This time, I came to Liverpool again, to follow the footsteps of James Lord Bowes, the first British person who was assigned to be Japanese Consul in the UK. Please watch the video!
After he died, no one of his family members, nor any museum, was willing to inherit the Japanese Museum as it was. At the end, sadly, the vast collection had to be auctioned piece by piece, and the auction continued for 10 days! Imagine the number of works of art that had to be sold.
As Mr. Smith cleverly mentioned, I also believe that the butterfly was indeed James’ spirit. I wish I had kept still, then the butterfly might have stayed on my hand a little while longer. I’m sure his spirit wanted to say to us, “Thank you for remembering me!”
This time, I met an expert in Awa dance near Manchester!
So, what’s Awa dance?
Awa dance is one of the most popular and well-known Bon dances in Japan.Bon dance is a style of dancing performed during what we call Obon. Obon is usually in mid-August, and it is believed that the spirits of the dead will return to visit the family during this time. Bon dance is performed during or at the end of the Obon period. Originally performed to welcome the spirits of the dead, the style of dance varies greatly from region to region. Each region has a local dance, as well as different music. Awa dance is from Tokushima prefecture in Shikoku.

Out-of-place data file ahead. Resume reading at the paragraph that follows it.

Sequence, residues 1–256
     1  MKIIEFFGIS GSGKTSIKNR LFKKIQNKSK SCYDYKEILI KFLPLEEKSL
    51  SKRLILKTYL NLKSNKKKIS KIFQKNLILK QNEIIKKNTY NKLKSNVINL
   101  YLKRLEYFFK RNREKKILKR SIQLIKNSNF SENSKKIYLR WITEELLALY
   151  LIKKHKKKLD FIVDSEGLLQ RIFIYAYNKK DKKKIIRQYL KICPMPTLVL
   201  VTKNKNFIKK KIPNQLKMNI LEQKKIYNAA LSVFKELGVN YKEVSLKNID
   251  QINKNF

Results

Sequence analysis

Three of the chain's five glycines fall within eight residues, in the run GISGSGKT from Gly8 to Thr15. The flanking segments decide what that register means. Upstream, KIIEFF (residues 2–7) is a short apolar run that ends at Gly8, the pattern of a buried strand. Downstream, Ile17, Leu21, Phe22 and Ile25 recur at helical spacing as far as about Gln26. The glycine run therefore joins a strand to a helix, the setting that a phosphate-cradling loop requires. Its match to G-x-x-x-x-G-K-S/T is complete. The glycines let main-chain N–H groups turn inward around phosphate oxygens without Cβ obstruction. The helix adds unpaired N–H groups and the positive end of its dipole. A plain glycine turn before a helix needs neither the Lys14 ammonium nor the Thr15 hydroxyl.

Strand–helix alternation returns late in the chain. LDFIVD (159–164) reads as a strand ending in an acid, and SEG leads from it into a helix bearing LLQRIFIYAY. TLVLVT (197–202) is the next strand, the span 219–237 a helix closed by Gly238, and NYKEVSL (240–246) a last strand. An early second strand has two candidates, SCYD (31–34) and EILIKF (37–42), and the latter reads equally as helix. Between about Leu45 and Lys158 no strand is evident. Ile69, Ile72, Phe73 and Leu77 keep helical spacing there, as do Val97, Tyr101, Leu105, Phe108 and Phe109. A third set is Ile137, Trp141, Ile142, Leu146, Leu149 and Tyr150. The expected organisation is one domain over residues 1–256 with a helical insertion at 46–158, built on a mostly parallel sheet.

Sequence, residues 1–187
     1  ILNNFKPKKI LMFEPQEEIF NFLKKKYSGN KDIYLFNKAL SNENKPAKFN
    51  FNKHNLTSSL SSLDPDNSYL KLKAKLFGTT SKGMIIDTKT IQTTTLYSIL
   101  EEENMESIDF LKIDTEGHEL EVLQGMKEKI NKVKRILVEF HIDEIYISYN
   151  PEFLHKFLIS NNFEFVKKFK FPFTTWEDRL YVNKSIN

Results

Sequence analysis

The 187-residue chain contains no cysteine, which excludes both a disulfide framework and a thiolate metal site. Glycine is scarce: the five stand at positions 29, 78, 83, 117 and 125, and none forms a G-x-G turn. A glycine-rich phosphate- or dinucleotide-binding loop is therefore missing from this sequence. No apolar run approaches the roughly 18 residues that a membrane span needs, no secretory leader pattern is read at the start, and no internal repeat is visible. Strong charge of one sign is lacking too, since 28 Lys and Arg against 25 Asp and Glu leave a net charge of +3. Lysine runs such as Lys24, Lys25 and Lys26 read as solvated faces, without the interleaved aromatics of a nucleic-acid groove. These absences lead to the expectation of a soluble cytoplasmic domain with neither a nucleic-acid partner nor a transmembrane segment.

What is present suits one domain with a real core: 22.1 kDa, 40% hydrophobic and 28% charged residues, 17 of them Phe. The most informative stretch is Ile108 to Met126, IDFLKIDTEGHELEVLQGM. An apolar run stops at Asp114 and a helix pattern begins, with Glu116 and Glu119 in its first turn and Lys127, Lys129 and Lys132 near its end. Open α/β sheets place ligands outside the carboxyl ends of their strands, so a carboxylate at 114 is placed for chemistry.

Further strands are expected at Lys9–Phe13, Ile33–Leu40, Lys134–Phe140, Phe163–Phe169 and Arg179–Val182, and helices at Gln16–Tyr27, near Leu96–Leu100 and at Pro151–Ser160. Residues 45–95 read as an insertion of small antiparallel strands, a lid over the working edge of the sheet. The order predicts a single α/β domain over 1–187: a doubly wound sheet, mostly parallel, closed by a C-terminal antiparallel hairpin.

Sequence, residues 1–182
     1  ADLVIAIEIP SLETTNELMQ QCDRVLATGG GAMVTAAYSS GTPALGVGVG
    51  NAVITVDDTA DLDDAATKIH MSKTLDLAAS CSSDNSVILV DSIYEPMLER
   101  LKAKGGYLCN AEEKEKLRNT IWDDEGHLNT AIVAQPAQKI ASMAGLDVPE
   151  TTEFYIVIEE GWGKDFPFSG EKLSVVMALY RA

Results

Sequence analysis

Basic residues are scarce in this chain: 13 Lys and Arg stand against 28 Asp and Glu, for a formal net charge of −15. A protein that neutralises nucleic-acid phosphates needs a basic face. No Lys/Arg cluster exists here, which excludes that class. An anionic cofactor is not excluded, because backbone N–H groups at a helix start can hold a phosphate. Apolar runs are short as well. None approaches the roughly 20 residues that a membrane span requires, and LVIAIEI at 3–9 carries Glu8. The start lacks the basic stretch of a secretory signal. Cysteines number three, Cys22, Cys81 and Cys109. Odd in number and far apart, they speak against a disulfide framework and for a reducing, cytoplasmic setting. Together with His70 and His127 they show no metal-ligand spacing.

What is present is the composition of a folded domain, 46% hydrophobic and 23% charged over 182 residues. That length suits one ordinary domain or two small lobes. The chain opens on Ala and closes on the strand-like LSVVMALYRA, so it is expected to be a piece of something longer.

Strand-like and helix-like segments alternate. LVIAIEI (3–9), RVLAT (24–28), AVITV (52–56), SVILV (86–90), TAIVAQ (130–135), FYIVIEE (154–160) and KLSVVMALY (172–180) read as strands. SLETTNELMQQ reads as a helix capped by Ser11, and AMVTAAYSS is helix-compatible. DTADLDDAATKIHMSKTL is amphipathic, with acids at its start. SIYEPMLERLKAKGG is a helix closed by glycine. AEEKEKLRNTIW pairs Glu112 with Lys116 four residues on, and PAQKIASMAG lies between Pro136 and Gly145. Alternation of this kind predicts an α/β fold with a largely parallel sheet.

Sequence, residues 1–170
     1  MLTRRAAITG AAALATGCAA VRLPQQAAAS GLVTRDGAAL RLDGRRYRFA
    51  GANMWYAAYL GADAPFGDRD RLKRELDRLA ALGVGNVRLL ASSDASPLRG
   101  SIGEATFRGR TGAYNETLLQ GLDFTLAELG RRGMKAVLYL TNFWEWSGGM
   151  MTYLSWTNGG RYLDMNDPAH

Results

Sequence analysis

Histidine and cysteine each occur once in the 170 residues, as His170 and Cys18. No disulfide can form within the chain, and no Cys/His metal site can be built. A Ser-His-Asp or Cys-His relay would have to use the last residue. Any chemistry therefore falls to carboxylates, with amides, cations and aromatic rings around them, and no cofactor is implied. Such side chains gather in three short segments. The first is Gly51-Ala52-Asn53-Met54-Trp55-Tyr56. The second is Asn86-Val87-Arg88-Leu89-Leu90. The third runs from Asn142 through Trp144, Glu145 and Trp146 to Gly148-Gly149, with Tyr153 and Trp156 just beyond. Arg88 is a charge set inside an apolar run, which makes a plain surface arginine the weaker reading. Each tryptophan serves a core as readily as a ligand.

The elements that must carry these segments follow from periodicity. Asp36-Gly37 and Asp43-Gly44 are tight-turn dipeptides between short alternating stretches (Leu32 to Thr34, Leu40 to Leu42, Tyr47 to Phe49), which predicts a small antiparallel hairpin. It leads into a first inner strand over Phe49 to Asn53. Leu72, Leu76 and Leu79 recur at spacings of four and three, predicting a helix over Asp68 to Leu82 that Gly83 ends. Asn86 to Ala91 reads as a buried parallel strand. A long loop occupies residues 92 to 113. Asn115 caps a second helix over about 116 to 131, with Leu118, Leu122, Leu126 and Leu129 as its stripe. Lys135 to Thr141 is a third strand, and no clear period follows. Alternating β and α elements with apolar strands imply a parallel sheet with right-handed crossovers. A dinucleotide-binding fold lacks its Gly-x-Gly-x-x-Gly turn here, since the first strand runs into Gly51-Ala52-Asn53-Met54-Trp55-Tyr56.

The typical Bon dance involves people standing in a circle around a high wooden scaffold made especially for the festival, called a yagura. The yagura is usually the bandstand for the musicians and singers of the Obon music. But in Awa dance, dancers simply march through the streets of a town. Typically, these marches involve thousands of people, which makes quite a spectacle.
Awa dance has both female version and male version. Our guest today, Alan, will of course show us the male version. The lady dancing with him is Sae, whose mother is Japanese. Please take a look at the video!
This occasion was “Bonenkai”, a forget-a-year party in Japan, equivalent to a Christmas party in the UK.
We also held a workshop. First, everybody was being shy, but I explained the famous Awa dance lyrics that goes:
踊る阿呆に The dancers are fools
見る阿呆 The watchers are fools
同じ阿呆なら If Both are fools alike
踊らな損、損 Might as well dance!
This, as I hoped, encouraged many people to get up and dance, so we had a wonderful time, as you can see in the video.
I wish you all a merry Christmas and a Happy New Year!
Among other things I do to promote Japanese culture and language, one thing I should not forget to mention is Japanese conversation evening. I hold this social evening once every other month, at a Japanese restaurant in Manchester city center. I usually manage to get 10 to 20 people, and have a wonderful time socializing with like-minded people.